(I shall, by the way, restrict myself to his frame of reference – his focus being strictly on the actuality of the pledges and their implications, with little comments about the complex background to the exchanges – their origins with Storrs and others in Cairo, the matter of their drafting and translating into Arabic, and the general political context of troubled Anglo-French relations in the Levant.)
His indictment was straightforward:
that the British, responding to initial overtures from Hussein, had made promises of post-war political independence to the Arabs in return for their participation as allies in the conflict;
that the only territorial exclusions agreed were the areas of French interest roughly coterminous with present-day Lebanon and the northern Syria coast;
and that the pledges had been effectively abandoned, first in the form of the Sykes-Picot Agreement of March 1916, and second – Jeffries`s main concern – by the issuance of the Balfour Declaration in November 1917.
When the question was taken up in Parliament in March and June of 1923, prompted by Jeffries` revelations, and demands made for the publication of the letters in full, the government refused to oblige – and, as cited earlier, did not permit that publication to take place until 1939. Sir John Shuckburgh`s “sleeping dogs” had to be allowed to snooze on.
Concerning the government`s uneasy conscience in this matter, it is worth noting an oddity in the record-keeping of the Colonial Office at the time of Jeffries` publications. As it happens, they pasted cut-outs of the articles into their official documents, and as I took the opportunity to digitally photograph these at the PRO in Kew, I had the whole source easily loadable onto my computer. Or at least I thought I had the full series. Noticing a small break in the dating, I checked out the microfiche at the old newspaper library in Colindale, discovering to my considerable surprise that an entire article, entitled “Broken Faith with the Arabs. McMahon Letters Disclosures” was missing; and that a large part of the subsequent article, “Inventing a province. Vilayet of Churchill” was sliced off half-way through.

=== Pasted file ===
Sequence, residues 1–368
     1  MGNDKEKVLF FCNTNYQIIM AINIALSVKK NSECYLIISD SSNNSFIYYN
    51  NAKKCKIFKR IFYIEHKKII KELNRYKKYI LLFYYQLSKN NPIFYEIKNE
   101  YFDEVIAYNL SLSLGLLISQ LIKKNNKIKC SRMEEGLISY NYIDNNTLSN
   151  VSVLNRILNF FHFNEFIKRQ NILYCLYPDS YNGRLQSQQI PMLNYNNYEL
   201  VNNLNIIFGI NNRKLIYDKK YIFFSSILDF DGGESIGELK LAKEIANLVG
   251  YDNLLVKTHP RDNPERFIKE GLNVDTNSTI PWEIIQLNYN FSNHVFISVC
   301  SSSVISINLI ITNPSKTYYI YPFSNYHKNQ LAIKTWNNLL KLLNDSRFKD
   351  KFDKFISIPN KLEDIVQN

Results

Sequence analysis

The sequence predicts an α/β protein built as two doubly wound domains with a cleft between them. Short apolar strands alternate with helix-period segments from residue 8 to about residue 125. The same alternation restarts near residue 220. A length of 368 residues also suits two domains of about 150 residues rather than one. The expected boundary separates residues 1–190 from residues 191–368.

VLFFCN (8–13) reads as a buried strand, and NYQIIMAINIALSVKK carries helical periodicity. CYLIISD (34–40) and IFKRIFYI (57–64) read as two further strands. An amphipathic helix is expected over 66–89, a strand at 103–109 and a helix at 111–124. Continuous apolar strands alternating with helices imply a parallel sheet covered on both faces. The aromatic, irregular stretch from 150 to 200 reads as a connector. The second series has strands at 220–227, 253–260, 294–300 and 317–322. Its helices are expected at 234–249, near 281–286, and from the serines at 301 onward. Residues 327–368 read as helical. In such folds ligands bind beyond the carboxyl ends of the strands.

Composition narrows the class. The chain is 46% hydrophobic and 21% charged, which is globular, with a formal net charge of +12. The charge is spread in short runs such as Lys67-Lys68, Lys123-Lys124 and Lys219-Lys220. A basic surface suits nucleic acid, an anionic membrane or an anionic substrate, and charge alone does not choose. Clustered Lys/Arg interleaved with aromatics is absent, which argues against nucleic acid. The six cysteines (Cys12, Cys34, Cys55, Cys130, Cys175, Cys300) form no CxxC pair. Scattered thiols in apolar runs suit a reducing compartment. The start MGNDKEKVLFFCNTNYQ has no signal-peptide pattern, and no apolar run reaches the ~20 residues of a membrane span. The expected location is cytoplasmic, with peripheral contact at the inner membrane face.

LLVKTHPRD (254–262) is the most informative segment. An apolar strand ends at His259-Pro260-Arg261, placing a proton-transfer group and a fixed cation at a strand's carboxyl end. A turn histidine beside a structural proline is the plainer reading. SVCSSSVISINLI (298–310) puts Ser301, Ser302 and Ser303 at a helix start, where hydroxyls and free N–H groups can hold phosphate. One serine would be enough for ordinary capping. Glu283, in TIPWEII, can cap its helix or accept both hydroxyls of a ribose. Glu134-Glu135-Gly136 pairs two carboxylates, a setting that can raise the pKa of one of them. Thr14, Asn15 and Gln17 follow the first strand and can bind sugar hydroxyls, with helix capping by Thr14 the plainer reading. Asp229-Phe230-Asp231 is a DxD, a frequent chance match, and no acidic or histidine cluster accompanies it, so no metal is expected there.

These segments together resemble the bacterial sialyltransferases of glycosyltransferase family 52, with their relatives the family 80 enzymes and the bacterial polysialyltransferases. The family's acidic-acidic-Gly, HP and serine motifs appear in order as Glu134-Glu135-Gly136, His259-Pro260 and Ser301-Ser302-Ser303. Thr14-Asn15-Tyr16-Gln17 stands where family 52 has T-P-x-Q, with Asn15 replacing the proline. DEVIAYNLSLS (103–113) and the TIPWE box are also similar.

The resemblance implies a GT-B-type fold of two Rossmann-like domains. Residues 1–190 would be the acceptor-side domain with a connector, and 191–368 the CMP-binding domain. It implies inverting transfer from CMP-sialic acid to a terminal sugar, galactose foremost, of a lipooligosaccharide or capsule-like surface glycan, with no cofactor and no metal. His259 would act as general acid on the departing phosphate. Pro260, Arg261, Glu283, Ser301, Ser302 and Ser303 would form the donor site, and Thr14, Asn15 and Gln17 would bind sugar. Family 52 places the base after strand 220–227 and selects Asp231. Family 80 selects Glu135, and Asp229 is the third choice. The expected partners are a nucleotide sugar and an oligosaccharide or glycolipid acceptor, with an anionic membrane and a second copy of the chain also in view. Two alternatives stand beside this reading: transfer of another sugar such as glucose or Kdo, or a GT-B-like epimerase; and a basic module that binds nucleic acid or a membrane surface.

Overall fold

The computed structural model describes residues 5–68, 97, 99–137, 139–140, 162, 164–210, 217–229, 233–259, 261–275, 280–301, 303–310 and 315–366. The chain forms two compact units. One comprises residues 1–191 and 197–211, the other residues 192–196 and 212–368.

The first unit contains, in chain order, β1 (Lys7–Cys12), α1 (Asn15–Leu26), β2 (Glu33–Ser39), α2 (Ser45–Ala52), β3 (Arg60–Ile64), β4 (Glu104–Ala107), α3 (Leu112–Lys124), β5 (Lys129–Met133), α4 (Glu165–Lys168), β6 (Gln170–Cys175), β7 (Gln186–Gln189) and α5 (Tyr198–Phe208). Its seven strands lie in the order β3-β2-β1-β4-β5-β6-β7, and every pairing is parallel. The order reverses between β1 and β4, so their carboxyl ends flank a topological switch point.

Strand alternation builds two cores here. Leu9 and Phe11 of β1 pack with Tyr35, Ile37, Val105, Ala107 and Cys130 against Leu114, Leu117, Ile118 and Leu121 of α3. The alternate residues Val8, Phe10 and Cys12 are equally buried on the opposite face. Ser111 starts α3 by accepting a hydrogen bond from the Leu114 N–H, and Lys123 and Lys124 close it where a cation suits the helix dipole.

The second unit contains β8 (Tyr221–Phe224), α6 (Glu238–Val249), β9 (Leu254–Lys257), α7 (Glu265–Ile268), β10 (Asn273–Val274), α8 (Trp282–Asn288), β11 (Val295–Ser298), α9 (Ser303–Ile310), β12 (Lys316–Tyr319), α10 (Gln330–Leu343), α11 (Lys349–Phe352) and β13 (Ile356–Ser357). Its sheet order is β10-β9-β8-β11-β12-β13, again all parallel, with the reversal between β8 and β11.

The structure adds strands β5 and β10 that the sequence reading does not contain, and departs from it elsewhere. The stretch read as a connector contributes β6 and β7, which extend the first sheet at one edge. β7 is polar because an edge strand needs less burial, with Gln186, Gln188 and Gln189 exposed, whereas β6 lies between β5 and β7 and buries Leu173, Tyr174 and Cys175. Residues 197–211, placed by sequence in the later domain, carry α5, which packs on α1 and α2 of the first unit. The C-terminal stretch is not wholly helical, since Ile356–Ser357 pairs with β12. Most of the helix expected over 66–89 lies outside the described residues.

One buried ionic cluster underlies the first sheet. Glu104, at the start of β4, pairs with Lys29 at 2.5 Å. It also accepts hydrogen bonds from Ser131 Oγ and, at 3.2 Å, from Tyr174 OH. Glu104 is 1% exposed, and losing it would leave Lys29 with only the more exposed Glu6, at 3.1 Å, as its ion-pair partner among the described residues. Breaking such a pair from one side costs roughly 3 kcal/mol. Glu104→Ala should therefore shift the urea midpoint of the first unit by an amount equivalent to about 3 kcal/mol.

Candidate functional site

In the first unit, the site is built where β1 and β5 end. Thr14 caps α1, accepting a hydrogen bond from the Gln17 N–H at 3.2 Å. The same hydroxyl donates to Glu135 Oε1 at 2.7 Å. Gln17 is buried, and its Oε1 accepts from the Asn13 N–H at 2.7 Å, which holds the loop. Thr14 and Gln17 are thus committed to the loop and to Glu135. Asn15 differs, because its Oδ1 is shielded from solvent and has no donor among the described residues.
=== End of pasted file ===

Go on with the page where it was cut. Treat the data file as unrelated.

In short, most of Jeffries actual translations from McMahon-Hussein were not allowed to appear in the confidential official record.
I`ll read out the start of what is missing from the second, cropped article. Right way Jeffries deals with the areas excluded from the McMahon pledges, and the manifest fact that these did not include Palestine. “Now the modifications with equal clarity specify that `portions of Syria lying to the west of the districts of Damascus, Homs, Hama, and Aleppo [ie roughly, as mentioned, present-day Lebanon and the coast of north-west Syria]cannot be said to be purely Arab and therefore should be excluded from the Arab boundaries. Get an atlas of your own out, if you like, to find what are these portions of Syria. It is as easy as possible. Find Damascus first: it is the key place. There it is…; Where is the next place, now, Homs? North. Where is Hama? North again. Where is Aleppo? Northernmost of all. The four towns form a line, as it were, on the desert`s edge. What are the excluded portions lying west of them? Approximately it is the country facing Cyprus…”.
But – “Where does Palestine lie? Where are Haifa, Nablus, Jaffa, Jerusalem, the cities and towns of Palestine? South, south, far to the south. The decisive line that went westwards from Damascus struck the coast between Tyre and Sidon….Below it, safe from exclusion, are the cities of Palestine, 60, 80, 120 miles below. Besides, does not Sir Henry McMahon only speak of reconsideration where the [quote] `interests of France are interwoven`? And the Shereef Hussein in his final letter, has he anything more to ask for but `the northern ports and their coasts…now left to France`? And `France` stops some 15 miles below Tyre. All that is south goes, by the word of Sir Henry McMahon, which is the word of Great Britain, to form an independent kingdom for the Arabs. And yet our Cabinet could impose a `Jewish National Home` within these boundaries to the conservation of which it was pledged!”